|This article relies largely or entirely upon a single source. (June 2013)|
Epoch J2000 Equinox J2000
|Right ascension||21h 44m 12.10s|
|Declination||-39° 33' 55.2"'|
|U−B color index||?|
|B−V color index||?|
|Distance||587.088 Ly (180 parsecs)|
PSR J2144-3933 is a pulsar about 180 parsecs (5.5 Em) from Earth. It was previously thought to have a period of 2.84 seconds but is now known to have a period of 8.51 s, which is among the longest known radio pulsar.
J2144-3933 is notable for other reasons: its mean pulse profile is very narrow in comparison to the pulse period with a half-intensity width of less than one degree of longitude. It also has the lowest spindown luminosity of any pulsar at about 3×1021 watts.
- Moreover, under the usual model assumptions, based on the neutron-star equations of state, this slowly rotating pulsar should not be emitting a radio beam. Therefore either the model assumptions are wrong, or current theories of radio emission must be revised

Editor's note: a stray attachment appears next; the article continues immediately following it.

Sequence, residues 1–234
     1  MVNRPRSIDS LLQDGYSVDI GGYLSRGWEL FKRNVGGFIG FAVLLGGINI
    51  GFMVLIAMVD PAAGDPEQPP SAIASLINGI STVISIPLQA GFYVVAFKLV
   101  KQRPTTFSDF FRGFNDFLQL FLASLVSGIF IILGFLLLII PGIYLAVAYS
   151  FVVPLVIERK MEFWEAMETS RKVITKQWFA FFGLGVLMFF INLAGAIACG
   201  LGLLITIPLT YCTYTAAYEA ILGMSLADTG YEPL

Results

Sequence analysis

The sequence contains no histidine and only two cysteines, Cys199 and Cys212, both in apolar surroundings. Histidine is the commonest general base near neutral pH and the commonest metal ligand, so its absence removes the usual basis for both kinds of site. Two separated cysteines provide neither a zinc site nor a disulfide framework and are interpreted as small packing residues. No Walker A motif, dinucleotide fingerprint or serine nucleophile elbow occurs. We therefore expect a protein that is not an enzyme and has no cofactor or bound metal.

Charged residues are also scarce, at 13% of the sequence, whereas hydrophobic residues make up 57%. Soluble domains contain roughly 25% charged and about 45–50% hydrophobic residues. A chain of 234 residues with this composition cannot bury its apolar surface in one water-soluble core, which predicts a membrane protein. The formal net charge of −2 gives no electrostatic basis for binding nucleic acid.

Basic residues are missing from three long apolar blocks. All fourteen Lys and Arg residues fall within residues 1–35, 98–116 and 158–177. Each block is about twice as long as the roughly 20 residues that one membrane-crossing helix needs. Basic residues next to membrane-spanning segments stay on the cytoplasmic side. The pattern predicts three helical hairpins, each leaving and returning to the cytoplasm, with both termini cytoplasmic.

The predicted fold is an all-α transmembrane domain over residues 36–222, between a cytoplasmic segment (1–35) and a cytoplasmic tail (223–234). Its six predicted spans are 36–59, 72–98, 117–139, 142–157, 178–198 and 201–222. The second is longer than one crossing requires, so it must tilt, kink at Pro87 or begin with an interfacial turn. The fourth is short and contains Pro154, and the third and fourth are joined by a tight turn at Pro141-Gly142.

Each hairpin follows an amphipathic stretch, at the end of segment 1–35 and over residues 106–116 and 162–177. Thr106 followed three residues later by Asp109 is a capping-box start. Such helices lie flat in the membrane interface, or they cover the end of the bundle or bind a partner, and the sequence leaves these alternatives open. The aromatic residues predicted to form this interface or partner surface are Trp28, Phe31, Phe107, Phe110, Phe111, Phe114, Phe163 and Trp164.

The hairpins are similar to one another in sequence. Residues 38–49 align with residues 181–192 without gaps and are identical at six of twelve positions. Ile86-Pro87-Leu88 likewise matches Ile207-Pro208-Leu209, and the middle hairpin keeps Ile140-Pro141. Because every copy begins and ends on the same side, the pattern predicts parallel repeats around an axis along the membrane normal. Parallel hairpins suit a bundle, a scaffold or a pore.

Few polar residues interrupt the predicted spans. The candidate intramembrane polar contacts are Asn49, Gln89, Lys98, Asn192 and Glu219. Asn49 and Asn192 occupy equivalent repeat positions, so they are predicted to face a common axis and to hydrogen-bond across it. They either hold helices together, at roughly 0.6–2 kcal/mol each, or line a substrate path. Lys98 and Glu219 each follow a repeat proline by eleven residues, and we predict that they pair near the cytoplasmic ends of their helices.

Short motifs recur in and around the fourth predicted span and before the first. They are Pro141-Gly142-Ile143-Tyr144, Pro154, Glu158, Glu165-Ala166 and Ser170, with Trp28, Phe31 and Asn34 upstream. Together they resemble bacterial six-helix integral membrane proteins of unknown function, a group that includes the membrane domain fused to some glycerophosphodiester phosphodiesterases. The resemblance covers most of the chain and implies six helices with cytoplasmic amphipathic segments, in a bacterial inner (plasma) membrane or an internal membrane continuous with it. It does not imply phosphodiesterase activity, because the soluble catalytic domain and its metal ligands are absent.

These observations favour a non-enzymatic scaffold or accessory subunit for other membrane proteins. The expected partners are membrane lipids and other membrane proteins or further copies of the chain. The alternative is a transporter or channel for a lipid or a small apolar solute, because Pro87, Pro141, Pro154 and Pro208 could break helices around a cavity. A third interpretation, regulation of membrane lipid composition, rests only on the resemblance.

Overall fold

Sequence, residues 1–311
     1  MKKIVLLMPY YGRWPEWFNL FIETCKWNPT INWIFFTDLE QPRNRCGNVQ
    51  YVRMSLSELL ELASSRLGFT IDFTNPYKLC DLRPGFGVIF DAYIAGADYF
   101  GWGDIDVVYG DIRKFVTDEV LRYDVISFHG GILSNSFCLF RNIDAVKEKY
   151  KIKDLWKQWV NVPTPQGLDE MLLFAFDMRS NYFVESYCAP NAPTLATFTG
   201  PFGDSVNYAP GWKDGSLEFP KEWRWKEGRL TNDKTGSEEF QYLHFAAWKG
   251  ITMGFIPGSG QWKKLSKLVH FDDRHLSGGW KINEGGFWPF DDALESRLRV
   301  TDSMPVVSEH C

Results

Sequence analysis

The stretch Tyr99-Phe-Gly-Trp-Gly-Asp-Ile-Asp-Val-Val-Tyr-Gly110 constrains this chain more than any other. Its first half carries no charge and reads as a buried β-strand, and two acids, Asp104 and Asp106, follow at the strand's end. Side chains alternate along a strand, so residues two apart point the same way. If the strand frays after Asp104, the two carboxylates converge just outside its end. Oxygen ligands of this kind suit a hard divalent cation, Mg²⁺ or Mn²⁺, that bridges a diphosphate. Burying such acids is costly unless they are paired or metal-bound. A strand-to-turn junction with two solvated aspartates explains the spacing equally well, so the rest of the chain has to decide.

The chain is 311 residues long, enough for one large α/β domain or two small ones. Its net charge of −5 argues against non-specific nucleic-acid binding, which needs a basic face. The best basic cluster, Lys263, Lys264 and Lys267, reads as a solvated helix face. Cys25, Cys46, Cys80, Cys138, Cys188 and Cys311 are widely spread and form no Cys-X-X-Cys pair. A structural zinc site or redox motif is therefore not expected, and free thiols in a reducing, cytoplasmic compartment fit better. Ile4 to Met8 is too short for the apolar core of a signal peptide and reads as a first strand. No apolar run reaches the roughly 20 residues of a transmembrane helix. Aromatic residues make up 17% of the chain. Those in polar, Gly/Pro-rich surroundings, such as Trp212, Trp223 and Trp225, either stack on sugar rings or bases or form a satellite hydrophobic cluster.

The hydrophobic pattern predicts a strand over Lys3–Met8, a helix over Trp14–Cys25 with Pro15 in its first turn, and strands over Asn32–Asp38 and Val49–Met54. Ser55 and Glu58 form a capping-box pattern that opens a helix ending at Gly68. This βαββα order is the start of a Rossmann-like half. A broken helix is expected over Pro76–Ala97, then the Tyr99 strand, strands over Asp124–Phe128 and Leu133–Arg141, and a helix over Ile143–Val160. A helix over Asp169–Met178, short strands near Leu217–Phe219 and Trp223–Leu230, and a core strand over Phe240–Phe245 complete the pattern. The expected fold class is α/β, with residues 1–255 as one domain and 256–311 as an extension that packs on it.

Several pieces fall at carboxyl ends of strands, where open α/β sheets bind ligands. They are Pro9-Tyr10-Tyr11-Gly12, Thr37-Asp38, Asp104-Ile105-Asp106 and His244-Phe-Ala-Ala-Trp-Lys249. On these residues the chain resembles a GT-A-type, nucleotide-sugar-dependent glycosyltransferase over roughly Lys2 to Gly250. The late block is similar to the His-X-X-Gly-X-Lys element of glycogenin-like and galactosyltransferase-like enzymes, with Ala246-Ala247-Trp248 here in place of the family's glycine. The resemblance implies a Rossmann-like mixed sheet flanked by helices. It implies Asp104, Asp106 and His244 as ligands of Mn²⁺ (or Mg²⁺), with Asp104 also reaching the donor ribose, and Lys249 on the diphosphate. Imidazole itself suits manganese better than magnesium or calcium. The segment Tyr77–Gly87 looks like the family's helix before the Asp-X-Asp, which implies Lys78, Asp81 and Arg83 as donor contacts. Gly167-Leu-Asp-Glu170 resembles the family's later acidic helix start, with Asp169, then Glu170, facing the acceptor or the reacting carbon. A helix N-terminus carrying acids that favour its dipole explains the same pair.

- ""Undead" Star Torpedoes Current Theories". Sciencedaily.com. 26 August 1999. Retrieved June 2013. Check date values in:
- Kohler, Susanna (25 March 2011). "A Pulsar Alone: The first deep X-ray and optical observations of the closest isolated radio pulsar". Astrobites.org. Retrieved June 2013. Check date values in:
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